The University of Maine at Augusta’s Maine State Forum Series will welcome Chief Judge Eric Mehnert and Rhonda Decontie, Clerk of the Court of the Penobscot Nation Tribal Court, Monday, November 8, 2021, from 6 - 7 p.m., via Webinar, to discuss how the Healing to Wellness Court employs restorative justice principles to address social problems within the community.
The forum, Restorative Justice and Healing a Community--the Penobscot Nation Tribal Wellness Court, is free and open to the public however, registration is required, https://forms.gle/LQjupcBN5u7cya98A. Once registered, an email with the Zoom link to participate in this event will be provided.
The Penobscot Nation Tribal Court "combines judicial oversight and powers of the Tribal Court with local healing and wellness services to better address any and all underlying or co-occurring substance or mental health issues of the court-involved individuals," according to a UMA news release.
“We are very pleased to announce that Judge Mehnert will teach a new course on Tribal Law at UMA in the spring semester of 2022, and this presentation will provide a preview of the concepts that will be part of the new course offering,” said Sharon McMahon Sawyer, associate professor and program coordinator of Justice Studies. “At present, this is the only tribal law course offered in the Eastern United States."
About the speakers:
Rhonda Decontie has served on the Penobscot Nation's Judicial System since 2011 and became Clerk of the Court in 2014. Under her leadership, the Tribal Court has been nationally recognized as a leader in handling child protective proceedings and for its culturally aligned Healing to Wellness Court. She is a graduate of the University of Maine at Augusta and is a member of the Bangor Campus Advisory Council.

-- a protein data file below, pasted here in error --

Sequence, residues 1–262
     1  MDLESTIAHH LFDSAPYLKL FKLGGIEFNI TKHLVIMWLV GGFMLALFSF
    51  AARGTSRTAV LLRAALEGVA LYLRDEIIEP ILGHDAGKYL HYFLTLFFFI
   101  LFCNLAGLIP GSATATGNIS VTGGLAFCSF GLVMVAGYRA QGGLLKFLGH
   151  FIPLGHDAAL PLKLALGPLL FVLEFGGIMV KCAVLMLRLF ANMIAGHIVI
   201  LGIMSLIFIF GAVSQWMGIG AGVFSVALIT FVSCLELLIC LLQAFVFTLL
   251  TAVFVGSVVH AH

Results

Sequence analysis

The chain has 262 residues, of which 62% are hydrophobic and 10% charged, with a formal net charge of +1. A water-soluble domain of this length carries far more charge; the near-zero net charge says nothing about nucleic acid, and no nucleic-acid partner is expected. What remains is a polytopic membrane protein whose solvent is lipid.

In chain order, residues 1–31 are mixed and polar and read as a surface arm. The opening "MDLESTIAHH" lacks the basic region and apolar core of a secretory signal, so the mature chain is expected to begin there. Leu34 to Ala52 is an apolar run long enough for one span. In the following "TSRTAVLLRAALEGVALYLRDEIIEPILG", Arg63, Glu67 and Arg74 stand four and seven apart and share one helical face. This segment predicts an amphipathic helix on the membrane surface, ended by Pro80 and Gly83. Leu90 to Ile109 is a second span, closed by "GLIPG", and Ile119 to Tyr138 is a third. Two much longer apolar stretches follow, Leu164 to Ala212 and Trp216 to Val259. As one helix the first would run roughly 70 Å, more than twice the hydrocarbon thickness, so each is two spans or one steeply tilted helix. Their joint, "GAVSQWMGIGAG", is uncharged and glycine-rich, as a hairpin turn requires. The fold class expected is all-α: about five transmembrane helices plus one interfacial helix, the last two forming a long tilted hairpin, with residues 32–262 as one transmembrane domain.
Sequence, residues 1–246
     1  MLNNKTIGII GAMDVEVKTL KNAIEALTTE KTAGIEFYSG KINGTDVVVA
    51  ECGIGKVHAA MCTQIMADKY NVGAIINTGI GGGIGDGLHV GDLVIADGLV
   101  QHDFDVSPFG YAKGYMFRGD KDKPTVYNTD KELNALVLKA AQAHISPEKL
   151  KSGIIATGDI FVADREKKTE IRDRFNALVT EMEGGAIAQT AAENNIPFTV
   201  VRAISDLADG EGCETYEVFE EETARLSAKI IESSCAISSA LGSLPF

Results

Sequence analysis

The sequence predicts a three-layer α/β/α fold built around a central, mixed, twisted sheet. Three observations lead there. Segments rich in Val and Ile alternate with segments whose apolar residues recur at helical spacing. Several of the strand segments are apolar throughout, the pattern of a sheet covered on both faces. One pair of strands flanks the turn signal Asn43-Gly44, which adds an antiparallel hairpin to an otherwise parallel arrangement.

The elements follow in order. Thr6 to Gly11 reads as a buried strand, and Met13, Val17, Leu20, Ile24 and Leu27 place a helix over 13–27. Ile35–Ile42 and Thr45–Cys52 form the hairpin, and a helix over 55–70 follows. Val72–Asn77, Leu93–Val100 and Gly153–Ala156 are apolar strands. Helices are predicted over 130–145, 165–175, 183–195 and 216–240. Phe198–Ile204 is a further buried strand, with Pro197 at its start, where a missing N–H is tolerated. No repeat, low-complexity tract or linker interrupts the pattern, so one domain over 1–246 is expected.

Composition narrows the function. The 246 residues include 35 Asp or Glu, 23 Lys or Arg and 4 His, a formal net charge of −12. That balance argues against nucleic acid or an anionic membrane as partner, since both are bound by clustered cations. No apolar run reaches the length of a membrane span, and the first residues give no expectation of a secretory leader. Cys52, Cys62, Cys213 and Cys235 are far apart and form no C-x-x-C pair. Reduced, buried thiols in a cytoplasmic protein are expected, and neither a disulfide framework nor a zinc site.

Eric M. Mehnert has served as the Chief Judge of the Penobscot Nation Tribal Court since 2008. He presides over the Nation's Criminal and Civil Courts as well as the Nation's Healing to Wellness Court. He served as Chief of Enforcement of the Commonwealth of Massachusetts Commission against Discrimination, overseeing a staff of 15 attorneys and 45 investigators prosecuting discrimination cases in Massachusetts.
The moderator of the Maine State Forum is Associate Professor Sawyer.
The Maine State Forum, funded by a UMA Research and Innovation grant, invites prominent Maine policymakers to speak at the University of Maine at Augusta on topics of interest to Mainers. The Forum brings speakers, the university community, and the public together to meet and discuss topics in the news that affect the lives of Maine residents. For more information, contact Sharon McMahon Sawyer by email email@example.com.